In recent years, the number of farmers markets and other Direct-to-Consumer (DTC) marketing channels in New Jersey has increased. Buttressed by growing consumer interest in local food options, farmers markets are increasingly becoming an important source of livelihood for farmers in NJ. However, most existing farmers markets are concentrated in areas with sufficiently high access to fresh fruits and vegetables, while other low-income areas remain underserved. While initiatives like the USDA WIC Farmers' Market Nutrition Program (FMNP) help provide farm fresh fruits and vegetables to those in need by issuing vouchers to eligible consumers, thus far, NJ's voucher redemption rates remain lower than regional averages. Less research has been conducted to understand low-income consumers in DTC marketing channels, but insights on this topic could potentially help improve FMNP redemption rates and lead to benefits for rural and urban communities. Overall, this project has two broad goals: 1) to bridge the gap between New Jersey's agricultural producers/farmers and consumers by analyzing how farmers markets in urban communities could play a role in improving both farmer livelihoods and the nutrition of low-income consumers with limited access to fresh fruits and vegetables; and 2) to strengthen food and agricultural research, education, and outreach through community engagement and Service-Learning at Montclair State University. Specifically, the project will achieve the following objectives: 1) Identify the factors that influence farmer behavior in Direct-to-Consumer (DTC) marketing channels, including their financial incentives, revenue targets for farmers' markets, and why they choose certain DTC channels over others; 2) Assess the consumer preferences of low-income community residents and their willingness to pay for local fruits and vegetables at farmers markets; 3) Expand educational opportunities in food and agricultural sciences by creating curricular materials and by promoting higher education and careers in these fields to underrepresented students and underserved communities. This capacity building grant proposal aligns with the strategic goals of the USDA and the Non-Land Grant College of Agriculture Program by advancing multidisciplinary research, supporting the professional development of faculty, providing research, leadership, outreach and experiential learning experiences to students, strengthening cooperative linkages with community organizations that are engaged in promoting nutrition and health through urban agriculture, and building new connections with organizations representing farmers and rural communities in NJ.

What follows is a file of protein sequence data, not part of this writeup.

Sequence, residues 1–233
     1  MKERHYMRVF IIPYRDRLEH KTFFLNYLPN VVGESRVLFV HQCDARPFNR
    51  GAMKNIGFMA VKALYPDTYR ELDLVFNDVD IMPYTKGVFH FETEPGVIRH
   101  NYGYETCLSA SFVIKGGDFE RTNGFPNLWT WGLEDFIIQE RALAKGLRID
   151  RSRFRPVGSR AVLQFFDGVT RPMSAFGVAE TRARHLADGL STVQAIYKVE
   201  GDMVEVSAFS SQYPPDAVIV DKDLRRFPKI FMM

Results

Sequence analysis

|Effective start/end date||1/1/17 → 12/31/18|
- National Institute of Food and Agriculture (NIFA): $50,000.00
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